Friday, April 24, 2015

‘Mis-steak’: Trooper’s email prompts probe into incentivized enforcement

“Inspect the most commercial trucks. Win a steak dinner.”

That sums up a recent report in The Southern Illinoisan, a newspaper based in Carbondale, Ill., about an Illinois State Patrol officer’s scheme to help encourage his patrol division to perform commercial motor vehicle inspections.

The paper was alerted to the contest when an Illinois state trooper accidently distributed the email announcing the winners to a list of media contacts. The trooper, Officer Greg Miller, sent out a second email shortly thereafter asking media to “disregard” the email (which for journalists is akin to waving a hunk of, well, steak in front of the nose of a hungry bear).

Reporter Molly Parker was gracious enough to share with us the emails The Southern Illinoisan received on April 16 from Miller. Here’s the initial email:

“March MCS total per squad

Squad A 65 (winner)

Squad B 42

Squad C 54

Squad D 40

I know this contest was a little painful for some of you to participate in since not everyone likes doing trucks. I want to thank everyone who put forth an effort to participate and help with your squad totals. Congratulations to Squad A for winning the steak dinner. There will be more contests throughout the year covering different activity categories.”

Three minutes later, according to the time stamps on the emails, Miller sent out a one-sentence plea asking media to “disregard” the previous email.

Those of you who regularly read or get updates from Land Line already know we’ve been covering bills in several statehouses that would explicitly prohibit law enforcement from instituting so-called “quotas” on enforcement activity.

As it turns out, Illinois already has such legislation on the books, according to State Police Sgt. Mike Link, which prohibits the police force from requiring “a specific number of citations within a designated period of time.”

“This was not a ‘contest’ offered by a patrol division,” Link said in an email response to Land Line. “The Trooper in this instance, who does not hold a supervisory position, was simply attempting to motivate his peers to perform safety inspections on commercial motor vehicles (CMV). We are not aware of any similar challenges. ... The Illinois State Police does not promote the use of rewards to encourage enforcement activity.”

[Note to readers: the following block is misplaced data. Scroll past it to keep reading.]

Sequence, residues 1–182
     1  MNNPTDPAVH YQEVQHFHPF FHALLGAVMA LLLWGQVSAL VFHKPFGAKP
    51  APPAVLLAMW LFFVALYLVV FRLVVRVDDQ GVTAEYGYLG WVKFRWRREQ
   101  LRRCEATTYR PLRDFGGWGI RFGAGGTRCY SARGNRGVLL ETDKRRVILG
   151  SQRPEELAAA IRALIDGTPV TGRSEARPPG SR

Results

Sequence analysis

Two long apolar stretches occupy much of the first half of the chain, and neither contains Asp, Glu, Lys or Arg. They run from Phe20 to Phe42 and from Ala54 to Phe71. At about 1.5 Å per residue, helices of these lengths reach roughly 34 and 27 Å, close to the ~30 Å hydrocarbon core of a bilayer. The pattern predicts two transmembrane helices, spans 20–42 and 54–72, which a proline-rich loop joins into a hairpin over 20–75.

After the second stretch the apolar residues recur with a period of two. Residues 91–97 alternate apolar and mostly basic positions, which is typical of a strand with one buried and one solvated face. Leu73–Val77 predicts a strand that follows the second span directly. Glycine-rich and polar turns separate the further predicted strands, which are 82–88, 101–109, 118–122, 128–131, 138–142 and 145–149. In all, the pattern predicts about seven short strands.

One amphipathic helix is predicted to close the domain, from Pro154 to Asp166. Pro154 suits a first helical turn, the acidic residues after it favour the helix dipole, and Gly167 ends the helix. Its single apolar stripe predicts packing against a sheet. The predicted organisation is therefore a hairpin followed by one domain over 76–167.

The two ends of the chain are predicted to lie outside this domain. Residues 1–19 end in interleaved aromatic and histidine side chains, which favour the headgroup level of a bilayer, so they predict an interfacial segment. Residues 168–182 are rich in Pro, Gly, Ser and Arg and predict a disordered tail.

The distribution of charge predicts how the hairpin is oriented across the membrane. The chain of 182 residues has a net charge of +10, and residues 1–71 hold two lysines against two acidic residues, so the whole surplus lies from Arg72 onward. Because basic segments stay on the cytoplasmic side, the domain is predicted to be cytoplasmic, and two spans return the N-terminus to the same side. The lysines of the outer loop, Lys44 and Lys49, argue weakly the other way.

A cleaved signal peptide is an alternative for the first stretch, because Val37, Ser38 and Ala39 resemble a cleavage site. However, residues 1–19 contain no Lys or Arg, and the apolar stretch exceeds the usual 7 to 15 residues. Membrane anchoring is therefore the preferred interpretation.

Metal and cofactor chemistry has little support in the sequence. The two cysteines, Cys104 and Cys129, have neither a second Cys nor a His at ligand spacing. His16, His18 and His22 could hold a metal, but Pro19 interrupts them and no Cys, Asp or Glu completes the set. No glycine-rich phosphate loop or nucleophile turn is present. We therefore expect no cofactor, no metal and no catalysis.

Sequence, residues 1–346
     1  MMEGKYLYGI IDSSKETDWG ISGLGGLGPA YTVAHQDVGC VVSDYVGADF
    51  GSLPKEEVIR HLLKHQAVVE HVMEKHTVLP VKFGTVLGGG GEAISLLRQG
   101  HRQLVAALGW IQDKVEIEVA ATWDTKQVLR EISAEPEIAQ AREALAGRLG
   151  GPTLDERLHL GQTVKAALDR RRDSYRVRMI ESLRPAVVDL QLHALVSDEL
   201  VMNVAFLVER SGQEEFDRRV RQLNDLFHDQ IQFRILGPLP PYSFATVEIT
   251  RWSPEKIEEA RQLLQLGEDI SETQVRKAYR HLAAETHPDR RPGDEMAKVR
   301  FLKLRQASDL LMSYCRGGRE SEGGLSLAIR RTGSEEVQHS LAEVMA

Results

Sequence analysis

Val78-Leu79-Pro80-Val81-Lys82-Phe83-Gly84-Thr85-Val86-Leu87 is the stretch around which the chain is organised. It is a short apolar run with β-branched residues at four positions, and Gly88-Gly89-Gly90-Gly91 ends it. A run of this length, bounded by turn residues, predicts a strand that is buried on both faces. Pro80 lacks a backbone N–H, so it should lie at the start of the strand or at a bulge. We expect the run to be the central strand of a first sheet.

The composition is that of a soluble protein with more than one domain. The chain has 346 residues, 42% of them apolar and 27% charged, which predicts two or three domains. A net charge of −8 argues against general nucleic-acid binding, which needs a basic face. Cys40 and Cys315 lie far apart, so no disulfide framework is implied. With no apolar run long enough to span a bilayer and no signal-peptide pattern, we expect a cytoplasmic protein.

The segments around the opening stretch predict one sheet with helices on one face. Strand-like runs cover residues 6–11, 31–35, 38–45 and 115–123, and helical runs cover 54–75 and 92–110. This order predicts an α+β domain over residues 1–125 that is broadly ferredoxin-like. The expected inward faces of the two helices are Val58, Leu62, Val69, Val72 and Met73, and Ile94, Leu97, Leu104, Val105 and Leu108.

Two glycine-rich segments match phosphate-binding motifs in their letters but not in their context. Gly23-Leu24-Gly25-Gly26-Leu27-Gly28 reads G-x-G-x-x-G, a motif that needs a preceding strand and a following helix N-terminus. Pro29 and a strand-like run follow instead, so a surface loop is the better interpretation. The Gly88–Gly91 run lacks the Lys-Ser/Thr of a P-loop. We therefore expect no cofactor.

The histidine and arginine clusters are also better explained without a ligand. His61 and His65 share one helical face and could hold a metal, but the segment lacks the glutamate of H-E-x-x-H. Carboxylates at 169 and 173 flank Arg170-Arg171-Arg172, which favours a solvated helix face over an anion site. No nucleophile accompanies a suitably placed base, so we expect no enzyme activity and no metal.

Link said that the state police have launched an investigation to determine whether the steak dinner might have violated policy, and that Trooper Miller is not on any sort of administrative leave pending the inquiry.

“The ISP does not support any type of enforcement-related quota system nor do we encourage any enforcement action which targets a specific demographic,” Link wrote. “Our goal is to provide safe highways for all of the motoring public by reducing injuries and fatalities.”

Link also stated that squads are made up of anywhere from five to 12 troopers, which would be a pretty hefty bill at even a low-end steakhouse. (Link told The Southern Illinoisan that the ISP believes the steak dinners would have been a personal purchase and “no state resources would have been utilized” so hopefully those guys at District 22 have a “Swear Jar” or some other kind of fund where they’ve been saving loose change to pay for a dozen Porterhouses.)

He also stated that the troopers in Miller’s district conducted a total of 224 commercial vehicle inspections during March. Of those, 243 written warnings and 39 citations were issued, including 15 out-of-service violations (four for both truck and driver; six driver-only and five truck-only), or roughly 6.7 percent of all the trucks and drivers that were stopped.